In part 4 of our series from the O'Reilly book, Network Troubleshooting Tools, you will learn all about examining the data within packets using packet analyzers, complete with syntax and illustrated examples.
Network Troubleshooting Tools
by Joseph D. Sloan
Packet Capture -- Part 4
1.6. Packet Analyzers
Even with the tools described in our previous segments, the real limitation with tcpdump is interpreting the data. For many uses, tcpdump may be all you need. But if you want to examine the data within packets, a packet sniffer is not enough. You need a packet analyzer. A large number of packet analyzers are available at tremendous prices. But before you start spending money, you should consider ethereal.
ethereal is available both as an X Windows program for Unix systems and as a Microsoft Windows program. It can be used as a capture tool and as an analysis tool. It uses the same capture engine and file format as tcpdump, so you can use the same filter syntax when capturing traffic, and you can use ethereal to analyze tcpdump files. Actually, ethereal supports two types of filters, capture filters based on tcpdump and display filters used to control what you are looking at. Display filters use a different syntax and are described later in this section.
126.96.36.199. Using ethereal
Usually ethereal will be managed entirely from a windowing environment. While it can be run with command-line options, I've never encountered a use for these. (There is also a text-based version, tethereal.) When you run ethereal, you are presented with a window with three initially empty panes. The initial screen is similar to Figure 1-1 except the panes are empty. (These figures are for the Windows implementation of ethereal, but these windows are almost identical to the Unix version.) If you have a file you want to analyze, you can select File Open. You can either load a tcpdump file created with the -w option or a file previously saved from ethereal.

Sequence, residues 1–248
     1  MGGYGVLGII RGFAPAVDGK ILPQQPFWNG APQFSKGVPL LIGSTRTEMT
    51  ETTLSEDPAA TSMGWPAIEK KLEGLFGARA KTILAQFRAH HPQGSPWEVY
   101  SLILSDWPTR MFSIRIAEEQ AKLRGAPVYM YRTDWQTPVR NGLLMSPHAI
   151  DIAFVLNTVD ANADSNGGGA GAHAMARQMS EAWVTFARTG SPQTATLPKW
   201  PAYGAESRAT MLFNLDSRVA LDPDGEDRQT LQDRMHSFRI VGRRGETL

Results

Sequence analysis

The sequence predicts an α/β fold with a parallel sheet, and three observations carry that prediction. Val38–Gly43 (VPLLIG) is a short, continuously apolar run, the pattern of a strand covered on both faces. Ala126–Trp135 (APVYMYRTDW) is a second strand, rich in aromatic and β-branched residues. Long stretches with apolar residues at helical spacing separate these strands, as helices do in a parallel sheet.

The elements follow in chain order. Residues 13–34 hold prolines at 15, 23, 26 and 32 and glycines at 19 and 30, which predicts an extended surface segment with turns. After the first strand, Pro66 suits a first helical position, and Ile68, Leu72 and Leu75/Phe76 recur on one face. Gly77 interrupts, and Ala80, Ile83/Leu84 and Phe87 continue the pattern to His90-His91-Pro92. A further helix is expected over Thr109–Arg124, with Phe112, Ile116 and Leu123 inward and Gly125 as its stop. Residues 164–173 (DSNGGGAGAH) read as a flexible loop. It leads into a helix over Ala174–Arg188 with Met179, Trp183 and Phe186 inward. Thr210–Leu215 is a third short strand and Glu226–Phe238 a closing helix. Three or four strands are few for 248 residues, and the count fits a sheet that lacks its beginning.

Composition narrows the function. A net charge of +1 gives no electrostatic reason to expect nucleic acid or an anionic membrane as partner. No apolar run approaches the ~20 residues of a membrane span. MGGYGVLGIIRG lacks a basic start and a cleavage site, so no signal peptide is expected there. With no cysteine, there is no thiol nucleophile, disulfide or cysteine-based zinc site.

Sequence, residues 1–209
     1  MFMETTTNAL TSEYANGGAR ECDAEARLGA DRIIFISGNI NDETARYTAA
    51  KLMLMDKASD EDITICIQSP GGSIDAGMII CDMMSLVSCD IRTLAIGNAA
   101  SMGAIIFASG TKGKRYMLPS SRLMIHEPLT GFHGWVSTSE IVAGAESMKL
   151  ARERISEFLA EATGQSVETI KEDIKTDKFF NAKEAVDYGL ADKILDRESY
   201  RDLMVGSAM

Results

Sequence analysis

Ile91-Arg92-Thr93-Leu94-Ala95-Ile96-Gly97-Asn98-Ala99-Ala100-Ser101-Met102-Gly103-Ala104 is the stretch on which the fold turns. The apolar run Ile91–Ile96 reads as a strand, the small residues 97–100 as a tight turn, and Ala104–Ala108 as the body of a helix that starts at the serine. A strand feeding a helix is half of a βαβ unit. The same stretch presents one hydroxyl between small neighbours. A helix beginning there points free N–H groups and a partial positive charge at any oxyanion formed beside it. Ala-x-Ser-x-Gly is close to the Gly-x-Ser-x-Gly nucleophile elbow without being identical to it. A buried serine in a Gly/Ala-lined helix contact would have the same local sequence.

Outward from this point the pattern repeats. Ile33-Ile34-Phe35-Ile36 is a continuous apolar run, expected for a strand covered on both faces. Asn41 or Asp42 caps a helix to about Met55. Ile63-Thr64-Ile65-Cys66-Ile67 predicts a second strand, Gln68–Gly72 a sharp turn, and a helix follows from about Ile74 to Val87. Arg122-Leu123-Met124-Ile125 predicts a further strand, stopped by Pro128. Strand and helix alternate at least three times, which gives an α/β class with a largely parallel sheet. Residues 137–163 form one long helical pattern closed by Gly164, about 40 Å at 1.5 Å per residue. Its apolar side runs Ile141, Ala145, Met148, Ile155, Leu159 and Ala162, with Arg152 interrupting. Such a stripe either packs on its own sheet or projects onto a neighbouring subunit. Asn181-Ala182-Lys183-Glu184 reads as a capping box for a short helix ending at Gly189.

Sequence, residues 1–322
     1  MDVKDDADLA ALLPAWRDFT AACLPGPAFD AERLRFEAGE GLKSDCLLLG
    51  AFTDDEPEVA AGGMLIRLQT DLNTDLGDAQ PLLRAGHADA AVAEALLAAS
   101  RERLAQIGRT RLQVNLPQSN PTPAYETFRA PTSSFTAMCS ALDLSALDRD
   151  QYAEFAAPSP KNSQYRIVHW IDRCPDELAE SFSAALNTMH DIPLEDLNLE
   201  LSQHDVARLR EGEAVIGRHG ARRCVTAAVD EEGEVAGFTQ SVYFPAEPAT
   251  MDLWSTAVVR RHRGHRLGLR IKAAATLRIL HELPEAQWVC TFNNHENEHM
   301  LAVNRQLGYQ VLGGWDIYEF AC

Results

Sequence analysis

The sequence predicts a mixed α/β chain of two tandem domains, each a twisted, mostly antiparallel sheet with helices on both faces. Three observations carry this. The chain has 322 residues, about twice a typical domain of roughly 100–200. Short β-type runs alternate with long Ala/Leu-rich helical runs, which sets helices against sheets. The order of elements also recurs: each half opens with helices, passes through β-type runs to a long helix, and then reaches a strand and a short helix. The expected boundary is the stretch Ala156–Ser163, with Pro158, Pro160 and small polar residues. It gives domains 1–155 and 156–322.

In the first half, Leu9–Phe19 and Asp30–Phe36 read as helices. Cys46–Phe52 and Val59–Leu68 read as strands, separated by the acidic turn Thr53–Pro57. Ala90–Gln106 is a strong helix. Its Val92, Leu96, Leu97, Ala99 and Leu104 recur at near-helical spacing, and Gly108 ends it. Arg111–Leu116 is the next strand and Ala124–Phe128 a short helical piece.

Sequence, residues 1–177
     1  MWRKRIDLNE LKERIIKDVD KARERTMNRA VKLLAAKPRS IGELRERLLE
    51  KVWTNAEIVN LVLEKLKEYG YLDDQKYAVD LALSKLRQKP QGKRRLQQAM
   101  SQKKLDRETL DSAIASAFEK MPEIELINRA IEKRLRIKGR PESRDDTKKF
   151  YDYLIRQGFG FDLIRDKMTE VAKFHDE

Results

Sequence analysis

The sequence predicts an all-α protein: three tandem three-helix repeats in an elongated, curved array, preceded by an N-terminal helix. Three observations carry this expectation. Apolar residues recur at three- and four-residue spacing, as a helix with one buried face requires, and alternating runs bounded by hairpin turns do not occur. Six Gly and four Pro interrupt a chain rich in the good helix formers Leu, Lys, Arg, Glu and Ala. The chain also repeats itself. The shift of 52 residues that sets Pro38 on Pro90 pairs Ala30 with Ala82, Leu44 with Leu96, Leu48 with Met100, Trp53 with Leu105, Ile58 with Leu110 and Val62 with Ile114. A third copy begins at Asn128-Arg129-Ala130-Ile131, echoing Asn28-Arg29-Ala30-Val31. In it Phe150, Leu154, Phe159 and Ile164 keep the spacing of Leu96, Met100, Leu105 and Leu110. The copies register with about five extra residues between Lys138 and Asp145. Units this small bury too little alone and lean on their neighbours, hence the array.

Figure 1-1 ethereal
(Click image for larger view in a new window)
To capture data, select Capture Start. You will be presented with a Capture Preferences screen like the one shown in Figure 1-2 (below). If you have multiple interfaces, you can select which one you want to use with the first field. The Count: field is used to limit the number of packets you will collect. You can enter a capture filter, using tcpdump syntax, in the Filter: field. If you want your data automatically saved to a file, enter that in the File: field. The fifth field allows you to limit the number of bytes you collect from the packet. This can be useful if you are interested only in header information and want to keep your files small. The first of the four buttons allows you to switch between promiscuous and nonpromiscuous mode. With the latter, you'll collect only traffic sent to or from your machine rather than everything your machine sees. Select the second button if you want to see traffic as it is captured. The third button selects automatic scrolling. Finally, the last button controls name resolution. Name resolution really slows ethereal down. Don't enable name resolution if you are going to display packets in real time! Once you have everything set, click on OK to begin capturing data.
Figure 1-2 ethereal Capture Preferences
While you are capturing traffic, ethereal will display a Capture window that will give you counts for the packets captured in real time. This window is shown in Figure 1-3. If you didn't say how many frames you wanted to capture on the last screen, you can use the Stop button to end capture.
Figure 1-3 ethereal Capture